This dissertation describes four years of scientific inquiry into persuasive games – digital games designed to persuade – as part of a multidisciplinary research project ‘Persuasive Gaming. From Theory-Based Design to Validation and Back’ funded by the Netherlands Organization for Scientific Research. Playing to Win Over focuses on the effects of these games, with the aim to determine whether persuasive games ‘work’. Game topics that are investigated include forced labor cotton picking practices, teen dating violence, and smartphone use while driving. This dissertation first proposes a theoretical model that describes the facets of game, player, and play context that are most important for persuasion to take place. Next, six empirical studies are described that highlight the relationships in this model, ultimately showing if and how persuasive games persuade their players.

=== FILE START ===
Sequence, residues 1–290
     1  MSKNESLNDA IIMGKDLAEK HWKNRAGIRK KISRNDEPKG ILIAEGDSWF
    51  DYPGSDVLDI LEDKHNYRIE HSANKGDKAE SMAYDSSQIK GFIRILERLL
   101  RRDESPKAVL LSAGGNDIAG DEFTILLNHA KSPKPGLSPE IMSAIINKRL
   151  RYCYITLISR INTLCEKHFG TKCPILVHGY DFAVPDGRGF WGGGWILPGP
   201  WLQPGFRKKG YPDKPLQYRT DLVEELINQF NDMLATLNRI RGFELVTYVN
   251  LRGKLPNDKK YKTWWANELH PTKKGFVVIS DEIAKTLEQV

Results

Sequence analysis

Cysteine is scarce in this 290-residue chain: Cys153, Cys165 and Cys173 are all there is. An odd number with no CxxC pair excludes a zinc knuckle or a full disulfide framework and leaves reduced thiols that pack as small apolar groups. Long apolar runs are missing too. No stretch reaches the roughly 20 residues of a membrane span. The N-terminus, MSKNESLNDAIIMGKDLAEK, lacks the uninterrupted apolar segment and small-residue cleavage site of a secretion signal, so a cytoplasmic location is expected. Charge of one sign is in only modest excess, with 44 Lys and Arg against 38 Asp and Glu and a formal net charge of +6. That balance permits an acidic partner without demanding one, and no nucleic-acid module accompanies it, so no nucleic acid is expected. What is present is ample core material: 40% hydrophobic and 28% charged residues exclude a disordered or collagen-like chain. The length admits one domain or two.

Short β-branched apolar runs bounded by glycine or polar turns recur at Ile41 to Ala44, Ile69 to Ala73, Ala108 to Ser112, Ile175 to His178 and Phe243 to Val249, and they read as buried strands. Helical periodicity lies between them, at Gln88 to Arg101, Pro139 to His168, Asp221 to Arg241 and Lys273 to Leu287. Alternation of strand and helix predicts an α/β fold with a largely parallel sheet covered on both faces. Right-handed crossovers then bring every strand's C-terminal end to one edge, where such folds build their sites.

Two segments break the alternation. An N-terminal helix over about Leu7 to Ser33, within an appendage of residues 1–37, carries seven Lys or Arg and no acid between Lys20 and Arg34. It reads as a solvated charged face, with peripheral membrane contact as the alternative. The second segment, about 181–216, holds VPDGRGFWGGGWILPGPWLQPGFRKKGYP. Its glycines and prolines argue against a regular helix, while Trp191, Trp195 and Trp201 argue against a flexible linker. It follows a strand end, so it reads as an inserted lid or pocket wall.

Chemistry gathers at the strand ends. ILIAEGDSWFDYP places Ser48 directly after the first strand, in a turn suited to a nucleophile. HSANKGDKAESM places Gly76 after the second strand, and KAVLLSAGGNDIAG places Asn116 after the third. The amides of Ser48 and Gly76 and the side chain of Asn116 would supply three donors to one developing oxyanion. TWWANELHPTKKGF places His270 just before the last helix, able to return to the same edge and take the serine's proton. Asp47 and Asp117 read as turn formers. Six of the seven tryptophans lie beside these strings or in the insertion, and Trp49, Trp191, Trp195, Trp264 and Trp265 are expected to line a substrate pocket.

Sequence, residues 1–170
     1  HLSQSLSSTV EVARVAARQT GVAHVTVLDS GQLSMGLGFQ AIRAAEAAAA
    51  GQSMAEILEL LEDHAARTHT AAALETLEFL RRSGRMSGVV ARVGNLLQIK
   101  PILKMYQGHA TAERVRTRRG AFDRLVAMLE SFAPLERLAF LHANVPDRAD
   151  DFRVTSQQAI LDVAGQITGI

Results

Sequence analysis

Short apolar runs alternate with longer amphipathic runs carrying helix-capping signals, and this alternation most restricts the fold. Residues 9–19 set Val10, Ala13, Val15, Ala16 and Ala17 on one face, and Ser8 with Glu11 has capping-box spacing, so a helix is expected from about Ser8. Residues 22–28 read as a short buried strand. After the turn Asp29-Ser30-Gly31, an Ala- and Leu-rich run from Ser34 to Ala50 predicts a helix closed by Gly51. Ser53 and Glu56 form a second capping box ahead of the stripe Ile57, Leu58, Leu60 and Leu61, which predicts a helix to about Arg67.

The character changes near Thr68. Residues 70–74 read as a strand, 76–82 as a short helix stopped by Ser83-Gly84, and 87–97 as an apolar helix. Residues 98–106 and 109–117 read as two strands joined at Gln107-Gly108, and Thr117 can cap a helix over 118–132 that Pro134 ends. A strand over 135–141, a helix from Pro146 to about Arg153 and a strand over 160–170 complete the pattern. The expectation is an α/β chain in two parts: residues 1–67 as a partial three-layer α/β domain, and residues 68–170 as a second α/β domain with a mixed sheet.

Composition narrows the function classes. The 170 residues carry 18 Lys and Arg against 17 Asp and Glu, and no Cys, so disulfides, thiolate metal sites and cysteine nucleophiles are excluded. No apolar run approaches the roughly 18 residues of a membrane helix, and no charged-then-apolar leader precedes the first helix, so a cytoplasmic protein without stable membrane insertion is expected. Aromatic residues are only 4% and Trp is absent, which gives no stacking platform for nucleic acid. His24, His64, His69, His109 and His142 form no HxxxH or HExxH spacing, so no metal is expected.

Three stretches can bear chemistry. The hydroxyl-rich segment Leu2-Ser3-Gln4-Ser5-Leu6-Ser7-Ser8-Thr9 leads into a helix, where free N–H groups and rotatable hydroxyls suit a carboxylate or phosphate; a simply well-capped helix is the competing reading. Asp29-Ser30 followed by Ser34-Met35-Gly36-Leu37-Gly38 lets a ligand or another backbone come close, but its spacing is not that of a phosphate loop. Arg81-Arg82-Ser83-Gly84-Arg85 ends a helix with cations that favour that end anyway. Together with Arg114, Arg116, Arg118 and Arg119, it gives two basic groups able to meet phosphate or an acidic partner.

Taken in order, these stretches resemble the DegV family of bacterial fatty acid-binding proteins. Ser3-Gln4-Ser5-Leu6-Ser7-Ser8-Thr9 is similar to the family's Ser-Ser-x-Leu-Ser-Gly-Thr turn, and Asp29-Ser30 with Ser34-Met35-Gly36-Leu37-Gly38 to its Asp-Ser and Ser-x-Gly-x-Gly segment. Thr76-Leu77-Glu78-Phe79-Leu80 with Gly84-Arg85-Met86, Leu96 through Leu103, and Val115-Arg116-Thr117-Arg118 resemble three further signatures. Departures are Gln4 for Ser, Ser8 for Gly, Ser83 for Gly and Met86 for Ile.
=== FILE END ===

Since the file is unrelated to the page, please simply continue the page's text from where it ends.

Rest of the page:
Persuasive games, communication, attitudes, effects, persuasion, serious games
J. Jansz (Jeroen) , J. Kneer (Julia)
Erasmus University Rotterdam
978-90-76665-31-3
hdl.handle.net/1765/102769
Erasmus School of History, Culture and Communication (ESHCC)

Jacobs, R.S. (2017, November 10). Playing to win over: validating persuasive games. Erasmus University Rotterdam. Retrieved from http://hdl.handle.net/1765/102769